10 hours of work in the fields, 15 euro

by argocatania.org
Working 10 hours in the countryside for 15 euros is a crime and not only in Paternò (see the M. Barresi inquiry on the first three pages of La Sicilia 24/4/2012) but in the majority of this area, this region and indeed the South of Italy and it is reserved for the foreign workforce (see CGIL-FLAI-Sicilia). The hiring of the workers is carried out in exactly the same way as it has been for the last 10 years: at 5am in a pre-arranged square, the “bosses” choose Sicilians and foreigners which are then made to get into vans and lorries which transport them to the countryside. The workers each have to give the “boss” €5.

Those who are hired to pick oranges in Scordia or Lentini have the choice of whether to be paid €20 for the day or 50 cents for each crate of oranges. The Sicilian workers however, get €40-45 per day. The boss’s selection criteria are simple: to check out the muscles of the worker. Yet, perhaps the most important criteria is the “ability” and above all the inclination to not rebel against the system, even after a hard day’s work.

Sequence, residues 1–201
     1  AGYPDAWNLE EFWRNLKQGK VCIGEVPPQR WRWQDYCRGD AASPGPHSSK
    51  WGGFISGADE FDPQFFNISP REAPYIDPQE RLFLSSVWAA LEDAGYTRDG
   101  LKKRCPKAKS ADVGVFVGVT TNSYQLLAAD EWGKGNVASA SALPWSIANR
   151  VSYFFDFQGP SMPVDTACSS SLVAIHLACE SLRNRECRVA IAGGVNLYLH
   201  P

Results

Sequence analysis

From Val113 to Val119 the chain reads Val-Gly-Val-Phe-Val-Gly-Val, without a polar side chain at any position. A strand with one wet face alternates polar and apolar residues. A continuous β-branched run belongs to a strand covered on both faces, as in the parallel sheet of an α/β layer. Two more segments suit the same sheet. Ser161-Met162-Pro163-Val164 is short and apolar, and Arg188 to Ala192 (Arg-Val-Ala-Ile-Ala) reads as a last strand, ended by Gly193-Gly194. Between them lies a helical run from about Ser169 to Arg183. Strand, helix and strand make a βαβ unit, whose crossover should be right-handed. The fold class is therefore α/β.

Some have tried to rebel, but to no avail: some joined the Forconi movement, but ended up losing 10 days’ work; while others threatened to call the carabinieri when they weren’t paid- only to be met with derision.
“Our life is shit,” says one Tunisian in response to the journalist from La Sicilia, “but here even you will suffer…in a while, it will be you Italians who go and pick the oranges and you will get the same pay that we Tunisians receive. You are already coming to the Caritas to eat alongside us, when not so long ago you were saying it was disgusting.”
The M. Barresi inquiry features data provided by the trade unions: out of 29 thousand workers enrolled in the Province of Catania, 18 thousand make up the actual workforce, to which it is necessary to add 22 thousand who work without contracts. 98 are official foreign farmhands, to which it is necessary to add at least 2000 irregular positions. Bank transfers which cover only a small amount of the work carried out, false invoices, exaggerated pay slips are just some of the examples of exploitation, which concerns 50% of the agricultural workforce.
Controls carried out by the police and work inspectors have increased, but they must be constant and visible. And the “bosses” are ever present to lay down the law and impose conditions.